We are not aware of any studies in the literature that compare time to return to work after total hip replacement between the DAA to other surgical approaches. In our study group patients reported returning to work sooner with the DAA approach; however our small sample size of patients surveyed who planned to return to work after surgery makes it difficult to draw conclusions with respect to how the surgical approach affects how rapidly patients can return to work which is also occupation dependent.
The results of the questionnaire do not appear to be affected by multi-modal pain management, but we acknowledge without directly comparing the route of administration, type and amount of pain medication utilized in the post-operative period, it is impossible to conclude that multi-modal pain management did not have some influence on patient responses.
Patient’s overall been more satisfied and preferred the postoperative recovery following the direct anterior approach. However, patients less than 70 years of age were more likely to have their preoperative expectations fulfilled with the direct anterior approach than a traditional approach.
We acknowledge a prospective randomized study is the only way to definitively draw conclusions about the effectiveness of one surgical approach over another on patient’s perception of whether or not a real difference exists. Our data suggests that such a study that is sufficiently powered to detect a real clinical difference if one exists is worth pursuing. We also acknowledge our results are subject to selection and recall bias. With the large amount of information accessible to patients, they could have specifically selected a surgeon who utilizes the direct anterior approach for total hip replacement. With an average time of seven years between each hip replacement, there is certainly potential for recall bias to influence patient’s responses. The direct anterior approach was the second operation for all hip replacements and having been through the experience once before, patients already had an idea about what to anticipate after the second surgery which could have also biased the results.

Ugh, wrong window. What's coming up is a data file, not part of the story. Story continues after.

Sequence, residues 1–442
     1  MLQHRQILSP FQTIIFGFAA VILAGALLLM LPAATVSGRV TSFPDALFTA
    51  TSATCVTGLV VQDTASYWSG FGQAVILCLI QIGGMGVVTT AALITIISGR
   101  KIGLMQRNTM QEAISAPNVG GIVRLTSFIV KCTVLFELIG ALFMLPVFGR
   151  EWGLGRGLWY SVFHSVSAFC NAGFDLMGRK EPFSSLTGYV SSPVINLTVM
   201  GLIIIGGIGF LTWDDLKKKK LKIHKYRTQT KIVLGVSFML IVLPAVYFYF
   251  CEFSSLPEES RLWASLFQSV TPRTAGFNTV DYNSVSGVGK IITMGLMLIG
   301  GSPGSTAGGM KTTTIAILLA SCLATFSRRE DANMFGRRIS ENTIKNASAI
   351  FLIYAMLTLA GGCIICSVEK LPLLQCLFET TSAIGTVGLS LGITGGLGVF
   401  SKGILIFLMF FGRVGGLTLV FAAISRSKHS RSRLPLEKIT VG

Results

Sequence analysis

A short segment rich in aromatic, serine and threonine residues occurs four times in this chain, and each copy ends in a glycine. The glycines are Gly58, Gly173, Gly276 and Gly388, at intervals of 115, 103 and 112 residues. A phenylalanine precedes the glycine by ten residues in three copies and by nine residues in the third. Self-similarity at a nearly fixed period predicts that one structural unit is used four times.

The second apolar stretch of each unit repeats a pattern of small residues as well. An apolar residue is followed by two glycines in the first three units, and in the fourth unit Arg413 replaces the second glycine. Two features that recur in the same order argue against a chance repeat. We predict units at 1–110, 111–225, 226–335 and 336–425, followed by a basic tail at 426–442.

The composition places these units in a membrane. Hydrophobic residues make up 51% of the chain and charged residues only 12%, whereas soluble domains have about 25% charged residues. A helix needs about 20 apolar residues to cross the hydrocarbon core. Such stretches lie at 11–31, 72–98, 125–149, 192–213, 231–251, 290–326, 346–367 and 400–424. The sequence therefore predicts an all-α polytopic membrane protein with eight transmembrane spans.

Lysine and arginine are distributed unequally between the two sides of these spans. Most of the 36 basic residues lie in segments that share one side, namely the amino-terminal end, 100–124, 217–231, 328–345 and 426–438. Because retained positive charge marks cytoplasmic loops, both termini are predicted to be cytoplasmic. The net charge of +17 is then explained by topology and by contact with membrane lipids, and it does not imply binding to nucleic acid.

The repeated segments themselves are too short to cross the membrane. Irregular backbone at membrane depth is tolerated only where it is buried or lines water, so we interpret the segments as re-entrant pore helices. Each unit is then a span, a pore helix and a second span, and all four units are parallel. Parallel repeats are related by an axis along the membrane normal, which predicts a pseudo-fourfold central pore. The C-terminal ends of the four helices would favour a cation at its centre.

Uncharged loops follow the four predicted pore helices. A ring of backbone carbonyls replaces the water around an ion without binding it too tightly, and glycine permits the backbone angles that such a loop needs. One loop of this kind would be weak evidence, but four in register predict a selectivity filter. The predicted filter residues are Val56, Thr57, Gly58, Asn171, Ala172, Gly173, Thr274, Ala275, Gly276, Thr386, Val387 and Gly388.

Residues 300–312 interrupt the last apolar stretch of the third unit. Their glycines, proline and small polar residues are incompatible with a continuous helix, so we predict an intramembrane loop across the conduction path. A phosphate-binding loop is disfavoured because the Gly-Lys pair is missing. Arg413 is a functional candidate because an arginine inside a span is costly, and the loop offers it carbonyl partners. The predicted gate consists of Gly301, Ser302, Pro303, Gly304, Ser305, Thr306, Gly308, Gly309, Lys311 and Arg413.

It is important to note that the patients in this study received their total hip arthroplasties with the DAA before this approach was heavily marketed. Thus, patients were not self-selected to expect a quicker recovery, and we did not appreciate patient expectations as a possible source of bias.
In conclusion, patients perceive less acute pain, a faster surgical recovery, and improved post-operative function with their hip replacement through the DAA compared to a traditional approach. Long-term measures of pain relief function or strength did not differ between approaches. However, patients less than 70 years of age are more likely to report a preference for the DAA and perceived the hip replaced through the DAA to be associated with a faster surgical recovery, pre-operative expectations were more closely met, and they were more likely to recommend the results of their hip replaced using the DAA approach over their other hip replacement to a friend or loved one.
The authors are grateful to Linda Franklin, RN for all her time and hardwork with data collection for this study.
Dr. Moskal is a paid consultant and has an ongoing relationship with Depuy Orthopedics. Dr. Scanelli and Dr. Capps have no relevant financial conflicts of interest to disclose.